Fellow's Talk

Earthquakes and Timekeeping Practices in New England, 1600-1800

Image of an artificial flower clock, with two hands emerging from clouds on either side holding a numbered circle, and a thorn stemming from the flower's circle pointing at the time.

Our speaker this week is Dr. Katrin Kleemann,  an environmental historian working on volcanic eruptions, earthquakes, and maritime history, who  recently joined the German Maritime Museum | Leibniz Institute for Maritime History in Bremerhaven, Germany, as a postdoctoral researcher. She obtained her doctorate from LMU Munich with a major in history and a minor in geology in July 2020, where her project investigated the impacts of the Icelandic Laki eruption of 1783 on the northern hemisphere.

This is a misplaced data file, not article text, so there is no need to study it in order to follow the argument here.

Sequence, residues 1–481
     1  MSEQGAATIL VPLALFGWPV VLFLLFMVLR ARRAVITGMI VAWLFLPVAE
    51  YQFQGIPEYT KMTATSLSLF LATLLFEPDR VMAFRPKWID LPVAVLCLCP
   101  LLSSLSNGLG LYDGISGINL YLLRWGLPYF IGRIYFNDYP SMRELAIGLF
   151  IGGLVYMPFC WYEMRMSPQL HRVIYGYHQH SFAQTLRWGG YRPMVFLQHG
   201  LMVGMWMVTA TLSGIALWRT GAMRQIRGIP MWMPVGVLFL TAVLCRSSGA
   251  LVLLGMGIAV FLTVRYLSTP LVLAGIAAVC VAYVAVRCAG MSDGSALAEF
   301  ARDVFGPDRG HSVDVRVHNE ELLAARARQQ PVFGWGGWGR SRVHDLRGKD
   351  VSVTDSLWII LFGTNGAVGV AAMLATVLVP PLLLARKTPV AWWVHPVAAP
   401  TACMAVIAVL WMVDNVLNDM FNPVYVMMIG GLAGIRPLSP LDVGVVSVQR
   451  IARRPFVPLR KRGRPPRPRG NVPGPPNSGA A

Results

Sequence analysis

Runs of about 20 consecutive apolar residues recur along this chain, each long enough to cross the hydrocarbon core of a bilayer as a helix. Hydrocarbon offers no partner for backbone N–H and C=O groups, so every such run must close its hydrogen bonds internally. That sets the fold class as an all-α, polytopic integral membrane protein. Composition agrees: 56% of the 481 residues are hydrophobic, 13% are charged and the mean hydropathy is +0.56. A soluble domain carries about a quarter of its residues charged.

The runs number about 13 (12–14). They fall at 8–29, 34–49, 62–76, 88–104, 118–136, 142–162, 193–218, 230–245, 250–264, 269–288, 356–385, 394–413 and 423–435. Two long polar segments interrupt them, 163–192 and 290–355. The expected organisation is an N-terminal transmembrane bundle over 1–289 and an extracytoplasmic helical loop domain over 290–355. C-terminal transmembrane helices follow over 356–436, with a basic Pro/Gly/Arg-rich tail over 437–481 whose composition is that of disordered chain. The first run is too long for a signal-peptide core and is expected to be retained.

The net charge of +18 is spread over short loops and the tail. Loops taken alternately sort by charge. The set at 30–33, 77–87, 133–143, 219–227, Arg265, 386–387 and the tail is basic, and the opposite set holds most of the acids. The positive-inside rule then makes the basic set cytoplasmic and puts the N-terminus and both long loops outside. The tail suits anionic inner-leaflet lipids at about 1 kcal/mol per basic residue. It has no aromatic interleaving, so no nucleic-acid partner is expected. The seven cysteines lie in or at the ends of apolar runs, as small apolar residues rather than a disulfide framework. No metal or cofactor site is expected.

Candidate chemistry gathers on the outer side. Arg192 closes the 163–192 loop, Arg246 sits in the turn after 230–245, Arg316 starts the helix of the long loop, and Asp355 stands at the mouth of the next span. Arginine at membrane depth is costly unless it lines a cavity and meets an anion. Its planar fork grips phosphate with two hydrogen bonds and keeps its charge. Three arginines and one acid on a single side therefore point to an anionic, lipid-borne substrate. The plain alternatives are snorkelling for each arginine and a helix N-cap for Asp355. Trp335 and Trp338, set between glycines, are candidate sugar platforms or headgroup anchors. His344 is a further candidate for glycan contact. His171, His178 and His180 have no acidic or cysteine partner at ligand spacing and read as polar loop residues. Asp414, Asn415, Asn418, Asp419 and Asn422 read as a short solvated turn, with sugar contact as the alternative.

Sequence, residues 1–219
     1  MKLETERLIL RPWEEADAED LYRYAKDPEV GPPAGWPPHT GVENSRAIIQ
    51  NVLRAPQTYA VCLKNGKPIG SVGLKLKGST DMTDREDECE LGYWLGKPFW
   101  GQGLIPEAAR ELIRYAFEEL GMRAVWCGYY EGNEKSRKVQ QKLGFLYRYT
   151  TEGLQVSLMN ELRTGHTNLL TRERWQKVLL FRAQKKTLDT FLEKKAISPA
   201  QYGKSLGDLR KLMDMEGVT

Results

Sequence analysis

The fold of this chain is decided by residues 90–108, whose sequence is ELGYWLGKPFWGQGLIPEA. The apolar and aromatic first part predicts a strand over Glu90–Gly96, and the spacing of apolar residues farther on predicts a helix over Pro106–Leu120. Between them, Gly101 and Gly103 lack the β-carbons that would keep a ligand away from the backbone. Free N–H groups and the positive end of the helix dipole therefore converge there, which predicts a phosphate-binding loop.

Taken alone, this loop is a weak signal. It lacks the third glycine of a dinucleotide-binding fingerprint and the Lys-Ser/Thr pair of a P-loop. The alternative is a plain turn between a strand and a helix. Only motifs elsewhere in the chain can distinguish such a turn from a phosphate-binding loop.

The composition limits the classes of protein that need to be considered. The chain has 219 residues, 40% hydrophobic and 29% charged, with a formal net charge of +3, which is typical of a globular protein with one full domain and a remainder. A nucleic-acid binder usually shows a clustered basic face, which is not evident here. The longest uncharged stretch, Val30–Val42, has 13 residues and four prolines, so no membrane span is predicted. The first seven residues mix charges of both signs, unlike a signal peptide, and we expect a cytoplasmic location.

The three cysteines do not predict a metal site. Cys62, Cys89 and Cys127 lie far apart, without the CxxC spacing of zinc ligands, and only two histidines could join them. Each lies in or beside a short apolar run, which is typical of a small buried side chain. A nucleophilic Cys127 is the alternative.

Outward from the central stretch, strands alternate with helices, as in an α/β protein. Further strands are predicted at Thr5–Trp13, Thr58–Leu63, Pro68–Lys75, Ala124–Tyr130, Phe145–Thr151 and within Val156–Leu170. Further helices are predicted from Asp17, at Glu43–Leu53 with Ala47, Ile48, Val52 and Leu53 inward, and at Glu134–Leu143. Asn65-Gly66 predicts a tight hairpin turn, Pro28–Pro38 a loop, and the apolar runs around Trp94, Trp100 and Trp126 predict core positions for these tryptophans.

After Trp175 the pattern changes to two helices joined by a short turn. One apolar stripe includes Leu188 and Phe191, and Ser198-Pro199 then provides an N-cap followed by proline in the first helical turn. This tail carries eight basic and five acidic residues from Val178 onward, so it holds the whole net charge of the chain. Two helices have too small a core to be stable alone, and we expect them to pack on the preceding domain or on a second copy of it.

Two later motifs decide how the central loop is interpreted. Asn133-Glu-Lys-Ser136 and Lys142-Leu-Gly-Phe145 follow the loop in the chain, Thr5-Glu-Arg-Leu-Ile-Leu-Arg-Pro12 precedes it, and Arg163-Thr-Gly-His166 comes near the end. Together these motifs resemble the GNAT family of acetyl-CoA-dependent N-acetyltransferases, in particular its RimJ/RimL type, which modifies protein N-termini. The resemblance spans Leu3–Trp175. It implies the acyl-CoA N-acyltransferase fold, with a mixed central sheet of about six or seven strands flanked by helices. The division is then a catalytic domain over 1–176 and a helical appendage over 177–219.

Her talk will focus on New England, a region that is more seismically active than most would expect. In early America, earthquakes were rare enough, however, to be perceived as unusual events that diarists remarked upon. For research on the seventeenth and eighteenth centuries, earthquakes can serve as fascinating time markers that give insights into timekeeping and recordkeeping practices. Clocks were still rare, yet the diarists often gave a precise time when an earthquake struck—which varied drastically from observer to observer. This allows questions concerning the reliably of time-keeping; whether the diarist owned a clock, looked at a town clock, or estimated the time.